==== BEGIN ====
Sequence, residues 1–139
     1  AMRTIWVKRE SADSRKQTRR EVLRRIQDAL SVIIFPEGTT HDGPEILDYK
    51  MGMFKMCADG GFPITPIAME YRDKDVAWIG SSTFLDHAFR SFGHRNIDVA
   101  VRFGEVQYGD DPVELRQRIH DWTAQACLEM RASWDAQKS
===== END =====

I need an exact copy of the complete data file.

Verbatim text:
Sequence, residues 1–139
     1  AMRTIWVKRE SADSRKQTRR EVLRRIQDAL SVIIFPEGTT HDGPEILDYK
    51  MGMFKMCADG GFPITPIAME YRDKDVAWIG SSTFLDHAFR SFGHRNIDVA
   101  VRFGEVQYGD DPVELRQRIH DWTAQACLEM RASWDAQKS